If you plan to cut your winter cereal crops for silage, timing is everything, according to NSW DPI pasture production technical specialist Neil Griffiths.
He said cereal crops could be made into any type of silage and the chop length, wilting and compaction was similar to pasture or rye-grass silage.
‘‘To get the best quality silage, cereals should be cut early at the boot stage of growth and wilted at the correct dry matter level,’’ Mr Griffiths said.
‘‘In round numbers, 35 per cent of dry matter is needed if chopped for pit or bunker silage and 45 per cent dry matter, if baled.
‘‘Wheat, barley or triticale can be also be direct harvested for chopped silage at the dough stage of grain development if high yield is wanted and lower quality is acceptable.
‘‘Oats can be direct harvested but the drop in feed quality is likely to be greater than in other cereals.’’
If a good season occurs and there is an opportunity to store silage, Mr Griffiths said the wilting process needed to be sped up.
‘‘If we get good crops and the opportunity to store silage then it will be necessary to speed up wilting using conditioners, which spread the feed across the paddock rather than putting it straight into a windrow,’’ he said.
‘‘And then use a tedder to turn and spread the feed laying on the ground.
‘‘The quicker the silage can be made the better the feed quality, provided it is wilted to the correct dry matter level.’’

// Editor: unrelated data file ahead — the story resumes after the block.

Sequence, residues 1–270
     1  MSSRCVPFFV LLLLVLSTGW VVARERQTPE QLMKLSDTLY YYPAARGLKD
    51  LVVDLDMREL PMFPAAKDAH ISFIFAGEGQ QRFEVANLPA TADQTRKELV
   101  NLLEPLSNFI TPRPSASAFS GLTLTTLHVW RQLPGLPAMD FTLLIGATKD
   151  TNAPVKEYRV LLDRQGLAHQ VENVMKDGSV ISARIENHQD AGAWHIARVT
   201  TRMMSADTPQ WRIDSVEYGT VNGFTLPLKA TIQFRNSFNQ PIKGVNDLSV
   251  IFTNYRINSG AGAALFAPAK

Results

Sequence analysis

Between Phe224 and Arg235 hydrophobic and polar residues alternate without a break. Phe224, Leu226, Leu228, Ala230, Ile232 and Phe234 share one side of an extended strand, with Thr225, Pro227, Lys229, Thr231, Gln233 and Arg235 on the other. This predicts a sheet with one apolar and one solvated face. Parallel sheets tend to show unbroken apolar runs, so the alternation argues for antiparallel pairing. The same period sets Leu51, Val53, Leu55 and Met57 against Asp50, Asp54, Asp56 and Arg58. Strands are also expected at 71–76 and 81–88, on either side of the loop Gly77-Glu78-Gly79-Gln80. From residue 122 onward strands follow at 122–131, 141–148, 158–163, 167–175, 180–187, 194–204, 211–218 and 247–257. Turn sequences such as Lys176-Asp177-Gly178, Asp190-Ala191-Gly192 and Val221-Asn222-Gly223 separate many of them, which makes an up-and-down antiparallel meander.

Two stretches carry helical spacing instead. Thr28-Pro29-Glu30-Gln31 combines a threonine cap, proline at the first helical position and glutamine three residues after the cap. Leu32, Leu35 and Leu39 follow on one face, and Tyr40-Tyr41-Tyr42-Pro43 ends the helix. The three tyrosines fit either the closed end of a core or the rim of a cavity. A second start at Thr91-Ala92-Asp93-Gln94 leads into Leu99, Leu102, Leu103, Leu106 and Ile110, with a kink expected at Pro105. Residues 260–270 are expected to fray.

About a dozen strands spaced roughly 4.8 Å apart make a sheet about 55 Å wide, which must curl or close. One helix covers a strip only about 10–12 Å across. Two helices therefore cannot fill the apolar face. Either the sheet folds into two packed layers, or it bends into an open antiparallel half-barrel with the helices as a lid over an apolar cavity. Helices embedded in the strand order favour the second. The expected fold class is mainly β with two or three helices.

However if the season is too wet or dry, problems can occur.
‘‘If the crops are too wet, we risk poor fermentation in pits or bales and if it’s too dry, pit silage is hard to compact but baled silage is usually okay provided the baler packs it tight,’’ Mr Griffiths said.
‘‘If crops are drought-affected, the same basic principles apply, however, despite lower yields it is often found that feed quality can be higher than average in drought-affected crops provided the decision to cut is before the crop loses quality.
‘‘This especially applies to canola. Beware, canola in wrapped bales is only suitable for very short-term storage as it has been observed to cause early plastic breakdown.’’
While some silage growers would use inoculants to help with the issues above, Mr Griffiths said they were best used as the ‘‘icing on the cake’’.
‘‘With any silage, inoculants will improve fermentation and feed quality,’’ he said.
‘‘Although some people use inoculants to help when they have problems, the use of inoculants is actually most profitable when they are used to make good silage even better.
‘‘The best result is when a good crop is well made using all the basics, especially a quick wilt to the required dry matter, good compaction and sealing.
‘‘The inoculant is the icing on the cake but we want a good cake first.’’